K-19: The Widowmaker
July 19, 2002
Allow me, for a moment, this speculation: When New Regency Films and 20th Century Fox backed out of the $80 million-budgeted project in the summer of 2001, they decided it wouldn't be able to find a large enough audience in this day and age to make the movie a financial success. The signs were clear; Thirteen Days (though landlocked, this is a similarly-themed tale of a true life near-miss with a nuclear disaster) was a $35 million player at the box office in January 2001. If an American audience wasn't going to show for a film about a uniquely American crisis, what box-office hope did this tale about a Russian nuclear submarine accident have?
Needless to say, they bailed. Also needless to say is nine months later, the now-Paramount Pictures film looks to capitalize on America's newly-awakened appreciation for those Cold War days gone by. With the Doomsday Clock on the move again and the post 9/11 success of war pics like Black Hawk Down, K-19 is now poised to set a course for friendly box-office waters this July. The premise of the movie is the true story of the Soviet Union's submarine K-19, which nearly started nuclear war on June 4th, 1961, when its reactor threatened meltdown.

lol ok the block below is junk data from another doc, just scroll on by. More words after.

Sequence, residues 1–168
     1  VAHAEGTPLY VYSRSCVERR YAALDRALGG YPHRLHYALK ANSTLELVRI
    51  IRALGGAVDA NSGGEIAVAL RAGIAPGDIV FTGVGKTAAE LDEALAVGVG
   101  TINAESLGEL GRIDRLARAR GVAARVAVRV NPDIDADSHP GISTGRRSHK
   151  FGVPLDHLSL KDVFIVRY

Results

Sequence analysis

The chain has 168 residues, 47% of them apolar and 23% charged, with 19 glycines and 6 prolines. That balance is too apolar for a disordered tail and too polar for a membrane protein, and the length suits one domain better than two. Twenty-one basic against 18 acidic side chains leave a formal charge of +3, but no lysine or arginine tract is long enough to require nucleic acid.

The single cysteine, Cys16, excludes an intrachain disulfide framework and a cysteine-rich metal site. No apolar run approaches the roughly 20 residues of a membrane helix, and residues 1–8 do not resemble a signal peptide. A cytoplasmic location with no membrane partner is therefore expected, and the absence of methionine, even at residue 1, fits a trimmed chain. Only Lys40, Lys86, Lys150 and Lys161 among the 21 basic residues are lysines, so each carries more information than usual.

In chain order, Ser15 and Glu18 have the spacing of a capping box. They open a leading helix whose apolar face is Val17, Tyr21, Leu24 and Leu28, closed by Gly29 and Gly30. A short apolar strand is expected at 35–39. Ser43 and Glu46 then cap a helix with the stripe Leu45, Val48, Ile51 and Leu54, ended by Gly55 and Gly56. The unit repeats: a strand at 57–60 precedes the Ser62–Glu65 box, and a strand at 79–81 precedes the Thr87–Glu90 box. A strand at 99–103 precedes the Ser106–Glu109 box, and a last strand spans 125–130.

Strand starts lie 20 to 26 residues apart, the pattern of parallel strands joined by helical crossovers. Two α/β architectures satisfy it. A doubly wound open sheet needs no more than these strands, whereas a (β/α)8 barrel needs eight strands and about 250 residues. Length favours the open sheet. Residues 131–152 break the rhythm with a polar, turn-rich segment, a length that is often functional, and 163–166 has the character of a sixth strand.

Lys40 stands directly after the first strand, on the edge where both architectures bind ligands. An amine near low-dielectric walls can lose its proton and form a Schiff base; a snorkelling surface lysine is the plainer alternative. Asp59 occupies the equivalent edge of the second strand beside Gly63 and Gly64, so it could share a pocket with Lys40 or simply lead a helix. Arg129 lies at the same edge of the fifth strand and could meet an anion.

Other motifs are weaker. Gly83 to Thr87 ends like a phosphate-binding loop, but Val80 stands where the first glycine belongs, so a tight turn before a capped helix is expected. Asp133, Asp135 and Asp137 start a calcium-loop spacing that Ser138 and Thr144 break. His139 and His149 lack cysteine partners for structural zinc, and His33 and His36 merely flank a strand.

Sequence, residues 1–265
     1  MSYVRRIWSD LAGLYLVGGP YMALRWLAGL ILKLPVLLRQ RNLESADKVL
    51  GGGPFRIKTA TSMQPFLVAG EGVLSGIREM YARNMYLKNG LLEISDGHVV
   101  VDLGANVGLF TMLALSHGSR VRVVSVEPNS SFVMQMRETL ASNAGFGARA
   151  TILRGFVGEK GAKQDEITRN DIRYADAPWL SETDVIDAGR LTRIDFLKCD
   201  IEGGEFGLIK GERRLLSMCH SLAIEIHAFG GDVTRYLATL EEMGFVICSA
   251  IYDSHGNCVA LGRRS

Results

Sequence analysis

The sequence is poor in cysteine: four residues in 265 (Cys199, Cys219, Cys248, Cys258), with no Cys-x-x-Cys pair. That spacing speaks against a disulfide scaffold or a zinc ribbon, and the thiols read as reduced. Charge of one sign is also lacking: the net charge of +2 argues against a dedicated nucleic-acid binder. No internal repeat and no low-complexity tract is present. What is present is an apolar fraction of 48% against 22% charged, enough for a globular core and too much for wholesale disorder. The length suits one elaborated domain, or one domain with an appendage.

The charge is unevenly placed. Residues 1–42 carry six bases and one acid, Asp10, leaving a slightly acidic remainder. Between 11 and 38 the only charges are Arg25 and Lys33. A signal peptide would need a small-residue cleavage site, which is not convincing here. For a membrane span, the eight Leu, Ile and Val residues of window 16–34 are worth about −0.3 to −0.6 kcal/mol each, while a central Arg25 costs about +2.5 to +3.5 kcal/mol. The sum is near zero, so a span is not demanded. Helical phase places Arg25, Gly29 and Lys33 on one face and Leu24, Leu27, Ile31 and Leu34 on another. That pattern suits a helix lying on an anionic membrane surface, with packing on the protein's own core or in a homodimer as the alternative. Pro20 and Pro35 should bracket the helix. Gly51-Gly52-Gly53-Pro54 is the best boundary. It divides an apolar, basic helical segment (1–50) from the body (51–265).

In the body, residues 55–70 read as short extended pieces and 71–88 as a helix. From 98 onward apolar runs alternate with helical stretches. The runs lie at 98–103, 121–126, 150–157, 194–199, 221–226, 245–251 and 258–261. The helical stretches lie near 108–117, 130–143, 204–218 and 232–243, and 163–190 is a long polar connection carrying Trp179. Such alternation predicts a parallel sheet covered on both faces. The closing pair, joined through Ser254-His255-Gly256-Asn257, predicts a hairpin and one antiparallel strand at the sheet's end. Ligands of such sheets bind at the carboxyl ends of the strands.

Harrison Ford and Liam Neeson bring star power to the film, and - at least in Ford's case - a hefty salary demand. Part of the overall $80 million budget is a $25 million payday for Ford. It is money well spent if he can bring in Air Force One-type volume ($170+ million). If he does, Ford's deal is said to kick over to 20% of the domestic gross at about $125 million.
Kathryn Bigelow (Point Break) directs Christopher Kyle's screenplay (the two recently worked together on September 2002's The Weight of Water). Kyle's screenplay caused some controversy early on when survivors of the incident were upset with their boozy, incompetent characterizations. Many of the sailors' names were changed in the movie as part of a compromise.
The box-office prospects bode well for K-19; Ford's track record speaks for itself. Additionally, the movie has a weight and depth to it that is usually missing from the popcorn flicks that dominate the summer months. Bucking that trend may work in K-19's favor. Halloween: Resurrection and Stuart Little 2 will offer little opening-weekend competition for K-19's target demographic. (Calvin Trager/BOP)
Comparison films for K-19: The Widowmaker
|Air Force One
|Clear and Present Danger
|Hunt for Red October, The